NoCo’s first Catholic high school to open in fall

WINDSOR — The first Catholic high school in Northern Colorado is scheduled to open for fall classes this year.

The school, to be called Chesterton Academy of St. John Paul II, will be located in Windsor, at first in temporary quarters at Our Lady of the Valley Catholic Church. Broomfield’s Holy Family High School is the closest location to Northern Colorado of a Catholic high school.

The new school, which results from efforts that extend at least 20 years, will enroll ninth graders beginning this fall and add grades year by year until it teaches all four years of high school. The school said it may add a 10th grade class this fall if enough interest is shown. 

Margo Walsh Barnhart, the school’s interim executive director, said Chesterton will be an independent Catholic school operating alongside, but not within, the Archdiocese of Denver. The school is sanctioned by the archdiocese, Barnhart told BizWest, but it is independent — “almost like a Catholic version of a charter school.”  The school’s board of trustees has been installed with Robert Lanciotti of Fort Collins as the inaugural chairman.

“We expect to be at Our Lady of the Valley for at least two years,” Barnhart said. Property for a school owned by Catholic parishes is available in a couple of locations of Northern Colorado, but a specific location for a permanent high school has not yet been determined, she said.

“We want to be in or around Windsor, because that is central to the existing Catholic elementary schools in Fort Collins, Loveland and Greeley,” she said. 

In the meantime, Our Lady of the Valley has “beautiful space, brand new with the latest technology,” she said. The students also will have access to the daily Mass schedule at the church.

Barnhart, who operates a private company called Ala Carte Learning Solutions Inc. in addition to leading the effort to establish the high school, said initial tuition for the school has been set at $6,000 for the 2020-21 school year.  Families of first-year enrollees will receive a “founding family” benefit of having the initial tuition rate locked in for the student’s four years of high school. The incentive tuition rate also will apply to all subsequent siblings attending the school. First-year enrollment is expected to be between 25 and 60 students, Barnhart said.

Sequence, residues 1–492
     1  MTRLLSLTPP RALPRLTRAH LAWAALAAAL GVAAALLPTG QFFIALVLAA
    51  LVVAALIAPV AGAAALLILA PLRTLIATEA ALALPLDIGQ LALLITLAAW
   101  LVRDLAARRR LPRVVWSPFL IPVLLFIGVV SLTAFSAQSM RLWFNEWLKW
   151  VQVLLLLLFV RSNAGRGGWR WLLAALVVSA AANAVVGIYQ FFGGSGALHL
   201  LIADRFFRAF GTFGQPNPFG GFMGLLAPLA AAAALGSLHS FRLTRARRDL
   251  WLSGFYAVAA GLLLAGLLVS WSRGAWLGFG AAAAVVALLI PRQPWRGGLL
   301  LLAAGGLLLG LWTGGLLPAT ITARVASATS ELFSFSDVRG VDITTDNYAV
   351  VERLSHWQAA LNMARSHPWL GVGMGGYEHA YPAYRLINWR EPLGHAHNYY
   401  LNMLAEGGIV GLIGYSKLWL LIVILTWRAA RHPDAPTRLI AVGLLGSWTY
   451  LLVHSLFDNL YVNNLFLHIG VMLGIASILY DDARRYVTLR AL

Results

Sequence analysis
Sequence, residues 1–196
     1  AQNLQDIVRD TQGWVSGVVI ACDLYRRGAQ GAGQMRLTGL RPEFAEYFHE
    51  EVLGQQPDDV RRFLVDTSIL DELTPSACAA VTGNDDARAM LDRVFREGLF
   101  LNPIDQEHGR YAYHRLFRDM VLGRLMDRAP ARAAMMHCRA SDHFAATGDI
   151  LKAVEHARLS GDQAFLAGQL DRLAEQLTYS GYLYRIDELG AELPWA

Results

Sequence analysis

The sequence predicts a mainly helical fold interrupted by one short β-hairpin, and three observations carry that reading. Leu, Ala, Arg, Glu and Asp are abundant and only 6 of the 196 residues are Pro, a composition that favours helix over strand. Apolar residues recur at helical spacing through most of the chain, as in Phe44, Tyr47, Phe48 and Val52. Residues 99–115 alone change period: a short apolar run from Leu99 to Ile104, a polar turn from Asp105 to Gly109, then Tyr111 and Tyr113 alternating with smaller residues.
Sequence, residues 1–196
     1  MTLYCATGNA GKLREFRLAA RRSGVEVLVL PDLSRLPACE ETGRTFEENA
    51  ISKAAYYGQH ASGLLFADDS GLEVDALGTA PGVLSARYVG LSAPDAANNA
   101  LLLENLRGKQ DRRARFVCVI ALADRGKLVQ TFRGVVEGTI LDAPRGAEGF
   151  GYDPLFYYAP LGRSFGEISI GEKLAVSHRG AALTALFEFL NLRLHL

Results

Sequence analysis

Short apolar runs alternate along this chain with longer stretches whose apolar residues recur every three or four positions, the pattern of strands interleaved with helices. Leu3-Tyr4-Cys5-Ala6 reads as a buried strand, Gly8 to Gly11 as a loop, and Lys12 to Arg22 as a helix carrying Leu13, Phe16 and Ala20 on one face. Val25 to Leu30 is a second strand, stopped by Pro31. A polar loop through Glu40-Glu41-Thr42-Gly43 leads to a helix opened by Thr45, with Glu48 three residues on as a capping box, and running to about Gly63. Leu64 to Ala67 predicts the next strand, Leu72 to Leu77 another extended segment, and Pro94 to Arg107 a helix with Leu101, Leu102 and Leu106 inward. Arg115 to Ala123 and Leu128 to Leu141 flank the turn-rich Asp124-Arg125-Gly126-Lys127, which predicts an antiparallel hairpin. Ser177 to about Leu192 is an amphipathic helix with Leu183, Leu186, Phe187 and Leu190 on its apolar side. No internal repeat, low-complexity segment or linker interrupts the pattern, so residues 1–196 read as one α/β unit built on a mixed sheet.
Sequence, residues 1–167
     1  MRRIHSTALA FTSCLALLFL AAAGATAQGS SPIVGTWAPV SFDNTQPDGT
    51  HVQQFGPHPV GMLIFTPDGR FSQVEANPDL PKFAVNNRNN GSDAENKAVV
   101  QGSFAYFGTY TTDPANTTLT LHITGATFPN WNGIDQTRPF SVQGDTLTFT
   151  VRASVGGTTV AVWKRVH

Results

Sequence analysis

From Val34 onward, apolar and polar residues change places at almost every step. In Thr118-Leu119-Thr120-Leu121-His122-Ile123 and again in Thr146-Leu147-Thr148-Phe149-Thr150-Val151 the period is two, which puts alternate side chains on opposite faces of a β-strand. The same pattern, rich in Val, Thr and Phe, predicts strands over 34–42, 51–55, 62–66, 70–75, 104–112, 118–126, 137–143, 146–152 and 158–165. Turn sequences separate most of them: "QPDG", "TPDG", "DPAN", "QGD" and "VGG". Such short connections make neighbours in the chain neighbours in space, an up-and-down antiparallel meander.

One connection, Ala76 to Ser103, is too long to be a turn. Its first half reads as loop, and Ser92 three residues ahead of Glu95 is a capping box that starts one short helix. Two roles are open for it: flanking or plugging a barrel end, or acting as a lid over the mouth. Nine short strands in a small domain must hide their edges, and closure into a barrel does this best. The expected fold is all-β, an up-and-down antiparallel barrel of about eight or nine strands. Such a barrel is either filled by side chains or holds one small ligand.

The school will offer a classically oriented curriculum as part of the Chesterton Schools Network based in Minneapolis. A collaborative venture of the American Chesterton Society and Chesterton Academy, the network coordinates parent-led Catholic schools throughout the country.  The new school will join 27 other Chesterton schools when it opens.

The Chesterton curriculum places a great emphasis on the arts — drama, music and fine arts, Barnhart said. Latin is required for two years and recommended for three. English, literature, science and math are taught in a classical manner, along with a “robust spiritual and personal formation,” the school said. The school’s “Three Pillars Model” accentuates intellect, character, and spirituality. More information about the school can be found at its website www.chestertonjpii.org

The school has begun to recruit its first headmaster and faculty. Barnhart said three full-time staff members and seven or eight part-time teachers will be recruited.

An open house is scheduled for Monday, Feb. 24, from 6 to 8 p.m. at Our Lady of the Valley Catholic Church, 1250 Seventh St. in Windsor. Information sessions also are scheduled at the three Catholic elementary schools in the region. Students of all faiths may enroll in the school.

WINDSOR — The first Catholic high school in Northern Colorado is scheduled to open for fall classes this year.

The school, to be called Chesterton Academy of St. John Paul II, will be located in Windsor, at first in temporary quarters at Our Lady of the Valley Catholic Church. Broomfield’s Holy Family High School is the closest location to Northern Colorado of a Catholic high school.

The new school, which results from efforts that extend at least 20 years, will enroll ninth graders beginning this fall and add grades year by year until it teaches all four years of high school. The school said it may add a 10th grade class this fall if enough interest is shown. 

Margo Walsh Barnhart, the school’s interim executive director, said Chesterton will be an independent Catholic school operating alongside, but not within, the Archdiocese of Denver. The school is sanctioned by the archdiocese, Barnhart told BizWest, but it is independent — “almost like a Catholic version of a charter school.”  The school’s board of trustees has been installed with Robert Lanciotti of Fort Collins as the inaugural chairman.

“We expect to be at Our Lady of the Valley for at least two years,” Barnhart said. Property for a school owned by Catholic parishes is available in a couple of locations of Northern Colorado, but a specific location for a permanent high school has not yet been determined, she said.

“We want to be in or around Windsor, because that is central to the existing Catholic elementary schools…